In the eighty years since cannabis and cannabis resin were last reviewed by the Health Committee of the League of Nations in 1935, both the social context of cannabis use and the science of drug dependence have dramatically changed. Yet, cannabis and cannabis resin continue to remain under the strictest control regime possible under the Single Convention, without a valid scientific re-assessment of this decision. Cannabis and cannabis resin are listed in Schedule I and Schedule IV respectively, which means that both remain strictly prohibited worldwide.

then adding that the WHO is acting in a manner that appears to make continued prohibition illegitimate

The current scheduling of cannabis is in marked divergence with the Convention’s principle that scheduling of substances should be based on a scientific assessment by WHO. In the absence of a recent assessment, the continued prohibition of cannabis appears completely illegitimate even though it may be legal.

38ccdThey then proceed to ask the WHO to conduct a Scientific Review of cannabis and cannabis resin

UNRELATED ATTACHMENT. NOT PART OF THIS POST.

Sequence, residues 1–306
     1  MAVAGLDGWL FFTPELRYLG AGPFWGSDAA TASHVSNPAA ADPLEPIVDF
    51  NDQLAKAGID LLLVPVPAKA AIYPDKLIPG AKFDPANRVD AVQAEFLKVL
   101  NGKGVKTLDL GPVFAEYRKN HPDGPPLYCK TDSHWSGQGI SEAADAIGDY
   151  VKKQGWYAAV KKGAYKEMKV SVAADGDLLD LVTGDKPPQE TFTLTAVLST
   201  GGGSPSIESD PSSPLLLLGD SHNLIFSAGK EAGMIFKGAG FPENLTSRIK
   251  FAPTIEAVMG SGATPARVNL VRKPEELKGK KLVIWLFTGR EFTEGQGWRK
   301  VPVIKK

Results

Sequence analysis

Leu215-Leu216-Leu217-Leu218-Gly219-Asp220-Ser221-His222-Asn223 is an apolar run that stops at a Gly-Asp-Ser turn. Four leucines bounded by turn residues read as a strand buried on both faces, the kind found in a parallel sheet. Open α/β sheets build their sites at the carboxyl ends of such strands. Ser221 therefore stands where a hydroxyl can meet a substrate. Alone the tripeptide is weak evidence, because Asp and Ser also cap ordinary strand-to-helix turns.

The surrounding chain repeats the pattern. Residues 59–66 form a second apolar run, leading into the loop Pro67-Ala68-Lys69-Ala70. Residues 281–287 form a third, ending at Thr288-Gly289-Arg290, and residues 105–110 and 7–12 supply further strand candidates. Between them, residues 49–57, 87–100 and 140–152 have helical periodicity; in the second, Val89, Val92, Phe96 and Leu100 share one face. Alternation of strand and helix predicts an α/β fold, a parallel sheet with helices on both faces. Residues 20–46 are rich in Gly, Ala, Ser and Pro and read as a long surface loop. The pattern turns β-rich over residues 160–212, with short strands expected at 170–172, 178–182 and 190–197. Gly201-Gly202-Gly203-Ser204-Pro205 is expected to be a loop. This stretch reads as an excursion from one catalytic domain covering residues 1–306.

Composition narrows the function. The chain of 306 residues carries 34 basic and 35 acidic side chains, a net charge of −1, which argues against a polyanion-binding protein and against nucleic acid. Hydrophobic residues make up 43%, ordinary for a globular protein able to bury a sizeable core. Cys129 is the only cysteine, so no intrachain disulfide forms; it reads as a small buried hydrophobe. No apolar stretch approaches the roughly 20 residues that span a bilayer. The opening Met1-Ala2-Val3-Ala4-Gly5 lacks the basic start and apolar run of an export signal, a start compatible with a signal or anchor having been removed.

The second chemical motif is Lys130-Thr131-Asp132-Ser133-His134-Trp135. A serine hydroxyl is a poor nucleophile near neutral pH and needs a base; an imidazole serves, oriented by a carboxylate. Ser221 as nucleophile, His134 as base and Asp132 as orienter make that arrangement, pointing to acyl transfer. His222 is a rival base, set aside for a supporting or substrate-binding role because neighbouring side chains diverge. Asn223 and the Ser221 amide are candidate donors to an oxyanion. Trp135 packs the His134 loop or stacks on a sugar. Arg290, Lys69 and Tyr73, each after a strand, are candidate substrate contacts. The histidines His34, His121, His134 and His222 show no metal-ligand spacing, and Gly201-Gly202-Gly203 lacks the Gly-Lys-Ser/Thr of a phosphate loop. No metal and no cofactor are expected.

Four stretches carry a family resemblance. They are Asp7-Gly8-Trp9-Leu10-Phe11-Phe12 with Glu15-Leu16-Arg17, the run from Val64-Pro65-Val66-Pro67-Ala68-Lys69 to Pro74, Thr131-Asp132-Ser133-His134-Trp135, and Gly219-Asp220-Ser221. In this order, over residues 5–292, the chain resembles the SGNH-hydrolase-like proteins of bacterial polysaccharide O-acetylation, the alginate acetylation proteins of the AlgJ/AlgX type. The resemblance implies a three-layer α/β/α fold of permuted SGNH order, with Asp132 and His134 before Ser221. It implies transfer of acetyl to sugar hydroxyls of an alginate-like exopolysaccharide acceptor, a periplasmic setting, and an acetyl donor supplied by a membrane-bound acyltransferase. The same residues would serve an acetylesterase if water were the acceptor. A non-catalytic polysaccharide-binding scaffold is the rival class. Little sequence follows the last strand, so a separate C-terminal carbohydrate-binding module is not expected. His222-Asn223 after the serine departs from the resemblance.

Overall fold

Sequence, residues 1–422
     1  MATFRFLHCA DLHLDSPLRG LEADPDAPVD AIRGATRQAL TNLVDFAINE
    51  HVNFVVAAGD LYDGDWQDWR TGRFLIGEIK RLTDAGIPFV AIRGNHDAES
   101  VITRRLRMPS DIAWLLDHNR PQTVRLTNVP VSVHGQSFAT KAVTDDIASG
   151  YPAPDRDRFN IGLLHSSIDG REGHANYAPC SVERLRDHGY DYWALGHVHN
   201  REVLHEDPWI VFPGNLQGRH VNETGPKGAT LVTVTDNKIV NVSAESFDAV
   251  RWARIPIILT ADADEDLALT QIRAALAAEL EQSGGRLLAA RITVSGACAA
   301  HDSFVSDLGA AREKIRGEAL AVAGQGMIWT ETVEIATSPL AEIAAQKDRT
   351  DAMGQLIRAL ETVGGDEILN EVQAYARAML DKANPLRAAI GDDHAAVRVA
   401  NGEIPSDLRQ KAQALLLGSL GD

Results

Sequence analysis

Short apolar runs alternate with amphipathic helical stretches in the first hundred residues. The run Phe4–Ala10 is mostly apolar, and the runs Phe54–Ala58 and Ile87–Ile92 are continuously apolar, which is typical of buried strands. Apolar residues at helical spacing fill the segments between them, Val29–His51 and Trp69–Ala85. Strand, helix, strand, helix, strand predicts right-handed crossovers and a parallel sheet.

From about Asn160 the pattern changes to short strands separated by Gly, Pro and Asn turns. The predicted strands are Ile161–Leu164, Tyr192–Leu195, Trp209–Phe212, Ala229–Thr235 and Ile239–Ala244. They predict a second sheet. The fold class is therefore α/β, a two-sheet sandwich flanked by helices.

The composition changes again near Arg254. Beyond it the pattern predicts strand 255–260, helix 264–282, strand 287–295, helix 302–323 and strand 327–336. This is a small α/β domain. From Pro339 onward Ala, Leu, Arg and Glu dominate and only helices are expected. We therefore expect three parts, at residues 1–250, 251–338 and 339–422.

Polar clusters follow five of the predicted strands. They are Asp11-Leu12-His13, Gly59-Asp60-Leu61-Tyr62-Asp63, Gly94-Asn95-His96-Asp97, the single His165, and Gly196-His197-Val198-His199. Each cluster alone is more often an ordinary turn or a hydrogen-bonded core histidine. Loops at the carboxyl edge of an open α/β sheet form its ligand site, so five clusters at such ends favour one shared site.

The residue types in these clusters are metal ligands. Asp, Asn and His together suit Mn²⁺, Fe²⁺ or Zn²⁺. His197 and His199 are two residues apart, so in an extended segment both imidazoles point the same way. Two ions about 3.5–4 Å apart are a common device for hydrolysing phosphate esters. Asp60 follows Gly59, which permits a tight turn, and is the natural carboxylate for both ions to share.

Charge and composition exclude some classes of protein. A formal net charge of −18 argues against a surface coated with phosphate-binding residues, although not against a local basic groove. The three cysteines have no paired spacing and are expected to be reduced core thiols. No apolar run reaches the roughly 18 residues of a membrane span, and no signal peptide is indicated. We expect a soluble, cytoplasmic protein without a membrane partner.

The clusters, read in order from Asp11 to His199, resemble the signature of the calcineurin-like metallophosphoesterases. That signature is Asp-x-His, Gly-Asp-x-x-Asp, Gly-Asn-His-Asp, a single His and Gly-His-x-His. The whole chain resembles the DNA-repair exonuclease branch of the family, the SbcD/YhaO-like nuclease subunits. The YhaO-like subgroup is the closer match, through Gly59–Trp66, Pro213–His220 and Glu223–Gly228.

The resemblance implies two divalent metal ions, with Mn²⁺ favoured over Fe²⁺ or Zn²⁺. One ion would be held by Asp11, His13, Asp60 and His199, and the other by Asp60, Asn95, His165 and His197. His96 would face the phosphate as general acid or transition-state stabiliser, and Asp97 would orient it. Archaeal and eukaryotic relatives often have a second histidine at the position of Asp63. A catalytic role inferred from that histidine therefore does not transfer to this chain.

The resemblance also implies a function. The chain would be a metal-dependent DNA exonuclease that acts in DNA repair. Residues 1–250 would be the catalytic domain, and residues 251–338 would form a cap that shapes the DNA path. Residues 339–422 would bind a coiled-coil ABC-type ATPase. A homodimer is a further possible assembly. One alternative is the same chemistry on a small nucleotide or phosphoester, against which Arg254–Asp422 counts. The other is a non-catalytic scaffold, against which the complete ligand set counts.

A scientific review by the WHO, the only authoritative global body to make such an assessment, would greatly legitimize international policies and their national implementation. A scientific assessment of cannabis and cannabis resin appears most timely given the many debates that have emerged on this issue across the world in recent years.

In the fifty years since it’s inception the WHO has never conducted a scientific review of cannabis.  Despite it’s mandate to review the substance.

The scheduling under the Single Convention on Narcotic Drugs assumes a scientific justification. However, cannabis and cannabis resin have never been evaluated by WHO since it was mandated the review of psychoactive substances in 1948.

The purpose of the pre-review report is to clarify the position of the current state of use both medically and none medically.

The purpose of a Pre-review is to determine whether current information justifies a Critical Review. For evaluating substances in a Pre-review, the categories of information are identical to those used in Critical Reviews. At the stage of the Pre-review, the Expert Committee must decide whether the information justifies a Critical Review. If it finds that the data available may justify changing the scheduling of cannabis and/or cannabis resin, the Committee should recommend a Critical Review in its next Meeting.